Professor Mahmood Faruqui is a London based visiting Professor and senior lawyer advising international professional firms, Regulators and financial institutions on Islamic Finance Strategic, Policy, Governance, and Transactional issues. He was Advisor/Board Member of Habib Bank, Faysal Bank, Alfaysal Investment Bank, Faisal Islamic Bank of Bahrain, Shamil Bank, DMI Group, Habib Bank AG Zurich. He was Chairman of Banks’ Presidents Committee for introducing Islamic Banking in Pakistan. His current clients include Bank of London and the Middle East where he is Senior Advisor. The article reflects his own personal views.
The causes1 of the banking crisis2, termed as the worst in the last 100 years3, and the Regulatory repairs initiatives4, have been eloquently covered by industry voices. My ‘Brief’ this morning is to provide an Islamic Finance perspective to possible models post Banking crises. I am conscious that despite its high rate of growth in the last 10 years, Islamic Finance represents only about 1% of global Finance and you may well see me as a small pond frog lecturing Oceanic Whales on the art of safe swimming.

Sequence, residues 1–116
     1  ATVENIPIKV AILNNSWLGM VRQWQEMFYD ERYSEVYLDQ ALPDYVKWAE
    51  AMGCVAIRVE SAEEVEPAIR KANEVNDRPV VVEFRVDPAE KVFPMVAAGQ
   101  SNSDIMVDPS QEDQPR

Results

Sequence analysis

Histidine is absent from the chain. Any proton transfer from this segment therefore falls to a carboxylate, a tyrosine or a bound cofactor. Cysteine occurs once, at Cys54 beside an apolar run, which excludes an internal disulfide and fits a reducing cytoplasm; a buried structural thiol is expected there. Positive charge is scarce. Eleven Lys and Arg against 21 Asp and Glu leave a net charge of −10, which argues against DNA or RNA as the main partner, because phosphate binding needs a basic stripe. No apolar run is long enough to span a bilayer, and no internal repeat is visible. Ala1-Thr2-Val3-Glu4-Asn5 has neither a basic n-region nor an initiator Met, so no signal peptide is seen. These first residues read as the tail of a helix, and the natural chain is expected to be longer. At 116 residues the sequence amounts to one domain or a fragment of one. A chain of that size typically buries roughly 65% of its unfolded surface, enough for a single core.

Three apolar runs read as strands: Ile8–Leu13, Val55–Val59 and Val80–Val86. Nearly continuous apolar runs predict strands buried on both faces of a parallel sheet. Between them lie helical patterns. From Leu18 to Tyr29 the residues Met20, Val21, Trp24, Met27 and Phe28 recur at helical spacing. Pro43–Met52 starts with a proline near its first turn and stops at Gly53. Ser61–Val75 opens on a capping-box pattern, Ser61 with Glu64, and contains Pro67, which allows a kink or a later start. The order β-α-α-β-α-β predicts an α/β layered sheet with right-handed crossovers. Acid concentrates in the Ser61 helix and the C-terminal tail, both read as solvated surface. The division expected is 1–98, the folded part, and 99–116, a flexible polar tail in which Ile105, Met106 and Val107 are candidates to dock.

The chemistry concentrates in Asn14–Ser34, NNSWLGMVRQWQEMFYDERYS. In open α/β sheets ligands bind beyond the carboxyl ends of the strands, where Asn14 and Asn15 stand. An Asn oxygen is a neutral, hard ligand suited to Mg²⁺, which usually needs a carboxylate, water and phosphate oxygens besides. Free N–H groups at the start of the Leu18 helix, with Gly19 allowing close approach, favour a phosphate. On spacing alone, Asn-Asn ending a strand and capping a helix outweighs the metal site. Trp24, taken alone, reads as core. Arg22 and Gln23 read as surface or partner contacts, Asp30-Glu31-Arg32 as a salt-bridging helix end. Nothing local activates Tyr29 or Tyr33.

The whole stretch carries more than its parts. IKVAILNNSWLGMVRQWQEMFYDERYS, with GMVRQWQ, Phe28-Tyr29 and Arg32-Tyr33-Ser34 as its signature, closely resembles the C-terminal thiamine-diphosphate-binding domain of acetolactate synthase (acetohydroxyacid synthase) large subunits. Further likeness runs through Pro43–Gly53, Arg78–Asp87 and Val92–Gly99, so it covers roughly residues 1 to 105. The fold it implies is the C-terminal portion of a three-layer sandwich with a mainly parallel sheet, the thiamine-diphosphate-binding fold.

Crisis causing Mischiefs and Remedies
I will identify only two Mischief Drivers of the Banking Crisis and suggest some possible remedial solutions offered by the theory of Islamic Finance.
Financial economy vanquished real economy. Financialisation of the economy increasingly accelerated. In 1970s, the volume of foreign exchange trade was double the volume of international trade and investment flows. In 2009 this had grown to almost 50 times e.g. two cents of real trade were supporting the inverted Forex transaction pyramid of one dollar. The Efficient Market theory and trade multiplier benefits law were sacrosanct.
(b) Trade is encouraged in Islamic finance as it facilitates market liquidity and is beneficial to the real economy. But avarice inspired excessive trade volumes are not permitted. This rule negates the trade multiplier benefit rule. Recent evidence has shown that trade was growing faster in the 70’s, when FX transactions volumes were twice trade and Investment flows, than in 2009 when they had ballooned from 2 to 50 times. Thus, beyond the optimal point, larger trade volumes yield negative returns.